Email Vendor Seems To Be Out Of Business Following Breach -- the firm identified in the breach of over 809 million email marketing records, including personally identifiable information -- appears to have collapsed, although signs exist that someone is still in charge.  

The firm’s web site went down following discovery of the breach on February 25 by security researcher Bob Diachenko, but a version of the site is now up under the company name, although it's not clear who put it up. 

However, it only provides what appear to be sponsored content links, and the home page says “this domain is for sale.” Clicking through that link reveals that a buyer can have the name for $4,988. 

A note at the bottom of the home page states: “The Sponsored Listings display above are served automatically by a third party. Neither the service provider nor the domain owner maintain any relationship with the advertisers. In case of trademark issues please contact the domain owner directly (contact information can be found in whosis).” 

It will be difficult for lawyers to file class-action lawsuits, as they would in the breach of a major brand: There are no deep pockets.

Wired identified the CEO as Vlad Strelkov, but said it was unable to reach him.

News outlets referred to the firm as an “email marketing vendor.”

Meanwhile, email professionals are trying to make sense of the incident.

"Databases like this are used by hackers to identify targets for their phishing emails. It's a database of known-good email addresses, which means they are perfect targets for phishers,” says Seth Blank, director of industry initiatives at Valimail and M3AAWG board member.

He adds: "It's also worth noting that those phishing campaigns frequently make use of spoofed sender identities (bogus domains or exact-domain spoofs), so they could appear to come from anywhere."

Blank continues: "This is yet another sign of the robust and thriving phishing economy and the existence of databases like this is just one more reason that BEC attacks soared nearly 500% last quarter."

He concludes: “it appears that the compromised service itself ( was doing some very shady things and had terrible security.”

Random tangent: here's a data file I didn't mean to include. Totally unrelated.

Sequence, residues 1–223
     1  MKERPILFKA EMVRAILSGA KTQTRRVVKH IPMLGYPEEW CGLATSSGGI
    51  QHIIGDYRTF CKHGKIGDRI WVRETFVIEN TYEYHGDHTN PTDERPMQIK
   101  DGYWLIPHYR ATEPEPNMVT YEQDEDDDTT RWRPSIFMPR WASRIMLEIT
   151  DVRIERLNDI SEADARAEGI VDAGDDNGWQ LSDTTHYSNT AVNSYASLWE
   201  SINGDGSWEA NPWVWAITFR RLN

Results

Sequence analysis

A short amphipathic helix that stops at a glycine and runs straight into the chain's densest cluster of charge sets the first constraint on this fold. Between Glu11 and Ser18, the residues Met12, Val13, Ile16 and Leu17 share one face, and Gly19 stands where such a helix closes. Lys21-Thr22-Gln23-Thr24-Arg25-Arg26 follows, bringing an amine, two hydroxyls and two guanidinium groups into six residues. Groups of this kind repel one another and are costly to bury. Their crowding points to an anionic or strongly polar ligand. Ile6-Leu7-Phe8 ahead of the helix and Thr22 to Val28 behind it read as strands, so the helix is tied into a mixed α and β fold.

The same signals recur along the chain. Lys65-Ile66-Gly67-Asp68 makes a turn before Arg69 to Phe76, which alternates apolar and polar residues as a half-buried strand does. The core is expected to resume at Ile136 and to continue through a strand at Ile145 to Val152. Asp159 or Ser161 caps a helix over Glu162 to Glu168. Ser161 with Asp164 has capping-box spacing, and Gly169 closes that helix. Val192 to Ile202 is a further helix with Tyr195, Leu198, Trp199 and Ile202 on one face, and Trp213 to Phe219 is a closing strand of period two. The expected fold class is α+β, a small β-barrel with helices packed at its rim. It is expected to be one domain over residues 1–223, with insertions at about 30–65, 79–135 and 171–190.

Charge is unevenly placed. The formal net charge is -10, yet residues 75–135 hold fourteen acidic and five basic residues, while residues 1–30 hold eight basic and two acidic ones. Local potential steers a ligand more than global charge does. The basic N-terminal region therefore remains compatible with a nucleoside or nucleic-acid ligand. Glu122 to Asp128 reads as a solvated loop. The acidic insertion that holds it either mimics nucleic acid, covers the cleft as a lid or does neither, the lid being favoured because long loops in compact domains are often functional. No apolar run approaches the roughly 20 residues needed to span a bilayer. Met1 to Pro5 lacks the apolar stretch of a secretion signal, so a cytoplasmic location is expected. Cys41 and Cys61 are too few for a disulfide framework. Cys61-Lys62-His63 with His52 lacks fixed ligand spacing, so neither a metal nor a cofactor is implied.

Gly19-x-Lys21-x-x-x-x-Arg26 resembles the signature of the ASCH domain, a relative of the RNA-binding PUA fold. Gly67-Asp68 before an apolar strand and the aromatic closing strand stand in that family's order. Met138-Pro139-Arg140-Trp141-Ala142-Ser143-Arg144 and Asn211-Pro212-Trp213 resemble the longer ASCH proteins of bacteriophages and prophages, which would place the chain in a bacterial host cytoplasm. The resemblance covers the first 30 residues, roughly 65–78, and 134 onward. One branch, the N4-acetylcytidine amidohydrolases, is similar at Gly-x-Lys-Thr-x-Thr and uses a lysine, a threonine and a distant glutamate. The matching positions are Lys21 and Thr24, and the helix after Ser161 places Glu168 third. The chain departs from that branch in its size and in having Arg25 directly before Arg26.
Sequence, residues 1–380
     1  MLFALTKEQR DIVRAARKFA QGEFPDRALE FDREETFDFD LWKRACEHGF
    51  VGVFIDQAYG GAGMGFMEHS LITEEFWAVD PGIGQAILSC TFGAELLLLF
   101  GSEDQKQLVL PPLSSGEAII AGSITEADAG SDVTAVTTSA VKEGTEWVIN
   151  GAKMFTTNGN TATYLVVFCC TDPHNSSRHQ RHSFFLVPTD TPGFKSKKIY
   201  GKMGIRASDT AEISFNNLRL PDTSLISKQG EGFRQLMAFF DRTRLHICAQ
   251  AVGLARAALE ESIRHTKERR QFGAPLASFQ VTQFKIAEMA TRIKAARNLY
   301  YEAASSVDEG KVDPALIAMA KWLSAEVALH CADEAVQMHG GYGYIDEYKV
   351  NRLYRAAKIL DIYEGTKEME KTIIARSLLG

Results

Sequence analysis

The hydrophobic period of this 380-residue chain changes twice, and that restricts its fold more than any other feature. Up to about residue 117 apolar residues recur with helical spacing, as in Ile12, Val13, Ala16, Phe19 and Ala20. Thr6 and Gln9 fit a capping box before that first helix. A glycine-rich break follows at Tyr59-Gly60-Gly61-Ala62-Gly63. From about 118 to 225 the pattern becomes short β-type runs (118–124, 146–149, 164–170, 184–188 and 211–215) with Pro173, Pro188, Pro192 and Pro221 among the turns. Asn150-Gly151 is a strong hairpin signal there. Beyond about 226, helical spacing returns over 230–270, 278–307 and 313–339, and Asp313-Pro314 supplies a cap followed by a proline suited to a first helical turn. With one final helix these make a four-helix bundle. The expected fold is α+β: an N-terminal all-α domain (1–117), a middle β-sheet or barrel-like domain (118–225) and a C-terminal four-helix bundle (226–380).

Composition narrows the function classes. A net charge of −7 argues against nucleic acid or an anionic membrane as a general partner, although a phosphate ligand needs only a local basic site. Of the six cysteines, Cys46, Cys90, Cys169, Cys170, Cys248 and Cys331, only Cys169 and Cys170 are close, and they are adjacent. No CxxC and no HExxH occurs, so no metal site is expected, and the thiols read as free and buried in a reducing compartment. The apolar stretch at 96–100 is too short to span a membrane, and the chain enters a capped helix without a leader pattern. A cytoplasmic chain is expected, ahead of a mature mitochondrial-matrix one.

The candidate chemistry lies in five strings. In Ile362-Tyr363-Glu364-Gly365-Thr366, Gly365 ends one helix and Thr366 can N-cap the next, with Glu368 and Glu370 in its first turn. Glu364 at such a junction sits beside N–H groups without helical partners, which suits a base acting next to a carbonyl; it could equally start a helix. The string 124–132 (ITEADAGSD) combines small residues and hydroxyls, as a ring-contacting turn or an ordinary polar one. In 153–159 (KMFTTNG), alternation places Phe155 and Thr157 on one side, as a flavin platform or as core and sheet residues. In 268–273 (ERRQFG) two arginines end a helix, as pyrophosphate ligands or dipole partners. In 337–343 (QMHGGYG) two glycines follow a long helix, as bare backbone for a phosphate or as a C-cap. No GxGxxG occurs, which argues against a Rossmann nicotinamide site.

To recap, the staggering load of data was exposed to anyone with an internet connection. Diachenko called it “perhaps the biggest and most comprehensive email database I have ever reported.”” allowed firms to verify their email lists by simply uploading them on the site.

Diachenko discovered the exposure on February 25, and worked with fellow security researcher Vinny Troya, owner of NightLion Security, to flesh it out. took the site down after hearing from Diachenko, and claimed that the exposed data was public data, not client data.

“As part of the verification process I cross-checked a random selection of records with Troy Hunt’s HaveIBeenPwned database,” Diachenko writes. 

He adds: “Based on the results, I came to conclusion that this is not just another ‘Collection’ of previously leaked sources but a completely unique set of data.”

He adds that has a “a list of mail servers and internal email accounts that they use to ‘validate’ an email address.”

The firm does this by sending the people an email. “If it does not bounce, the email is validated,” he adds. “If it bounces, they put it in a bounce list so they can easily validate later on.”

He continues: “Unfortunately, it appears that once emails were uploaded for verification they were also stored in plain text.”

Diachenko calls the episode “a non-password protected 150GB-sized MongoDB instance.”

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